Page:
Subtitled: Sense and Nonsense in Improving Your Chess
Many strong players have pointed out that one of the skills one must master is pattern recognition. It’s an important skill because when a master encounters a new position previous experience helps to find the right move. "In this book IM and experienced chess trainer Willy Hendriks presents a wealth of valuable, no-nonsense training material that will rock the chess instruction establishment," says publisher New in Chess.
The book is divided into 27 short chapters that cover a wide range of subjects such as psychology, pattern recognition, statistics, small plans, critical moments, chance, general rules, tactics versus strategy, time-trouble, etc.
Basically Hendriks attempts to debunk a number of myths about improvement and the short version is he comes down to the idea that, "You learn to play good chess by taking in good chess. There is no way to outsmart a diligent student with some clever way of thinking. There is no short-cut route to the best move by some revolutionary way of looking at the position. The strongest players are not following secret protocols." His point is that first looking at the characteristics of the position and then finding moves based upon that general characterization isn't getting to the essence of what produces quality play. That is, forget Jeremy Silman’s How to Reassess You Chess. He says, "moves are not only the outcome of some thinking process, they are very much the input, the starting point. It's not some clever thinking process that can help you find the best move in any position, but it's the enormous amount of knowledge that you bring to the board, good moves, mainly." (Emphasis mine)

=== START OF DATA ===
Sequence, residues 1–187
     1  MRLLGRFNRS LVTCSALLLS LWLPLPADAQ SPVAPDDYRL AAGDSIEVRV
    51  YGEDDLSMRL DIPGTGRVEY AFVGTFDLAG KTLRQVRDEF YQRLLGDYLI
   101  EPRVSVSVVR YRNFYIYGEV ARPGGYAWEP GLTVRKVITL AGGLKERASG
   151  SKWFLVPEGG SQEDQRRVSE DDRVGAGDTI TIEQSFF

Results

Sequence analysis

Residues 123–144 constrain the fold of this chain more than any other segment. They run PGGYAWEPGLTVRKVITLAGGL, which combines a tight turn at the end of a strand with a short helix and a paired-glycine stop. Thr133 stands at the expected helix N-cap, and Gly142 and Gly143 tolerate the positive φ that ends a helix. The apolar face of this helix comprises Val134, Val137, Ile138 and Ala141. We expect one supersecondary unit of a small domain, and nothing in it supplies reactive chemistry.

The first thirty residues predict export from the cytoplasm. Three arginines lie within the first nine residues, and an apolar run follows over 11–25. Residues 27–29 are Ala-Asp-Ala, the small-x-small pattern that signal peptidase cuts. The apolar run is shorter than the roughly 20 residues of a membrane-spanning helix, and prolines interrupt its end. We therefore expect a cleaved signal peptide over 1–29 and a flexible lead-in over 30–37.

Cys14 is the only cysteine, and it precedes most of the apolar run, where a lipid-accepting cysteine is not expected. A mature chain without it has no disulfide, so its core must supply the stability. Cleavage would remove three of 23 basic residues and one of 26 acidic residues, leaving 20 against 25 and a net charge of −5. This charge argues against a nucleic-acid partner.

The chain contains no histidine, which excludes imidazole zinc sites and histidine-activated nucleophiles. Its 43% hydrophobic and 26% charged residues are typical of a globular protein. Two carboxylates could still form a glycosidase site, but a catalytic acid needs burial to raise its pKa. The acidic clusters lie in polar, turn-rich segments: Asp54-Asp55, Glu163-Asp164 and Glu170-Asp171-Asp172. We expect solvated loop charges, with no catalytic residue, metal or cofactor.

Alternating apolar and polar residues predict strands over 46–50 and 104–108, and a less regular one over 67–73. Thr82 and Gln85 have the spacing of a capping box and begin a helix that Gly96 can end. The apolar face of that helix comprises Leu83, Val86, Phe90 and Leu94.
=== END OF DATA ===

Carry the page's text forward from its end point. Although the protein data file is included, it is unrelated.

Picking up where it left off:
Maybe he is right. Back in the sixties Ken Smith opined that you should play over hundreds and hundreds of unannotated games at 5-10 minutes per game while trying to guess the next move. Smith said you were going after quantity, not quality (that would come later) in an effort to learn pattern recognition. IM John Watson in Secrets of Modern Chess Strategy and Chess Strategy in Action said to look at the similarity between learning chess and a child learning a language: In language, direct experience, imitation, and accumulation of knowledge is what matters most, not learning formal grammatical rules and then applying them.
Hendriks discusses a wide variety of things like trial-and-error, pattern recognition, tactics versus strategy, time-trouble, planning, the illusion of general rules, the role of proverbs and maxims, free advice, critical moments, chance in chess, blunder-checking, tactics, the opening and strategy, games collections, puzzles, etc. And all the while, he tries to apply modern psychological theories and neurological research to chess.
Generally the book has been recommend to students in the 1400-2000 range.
Download a sample of the book.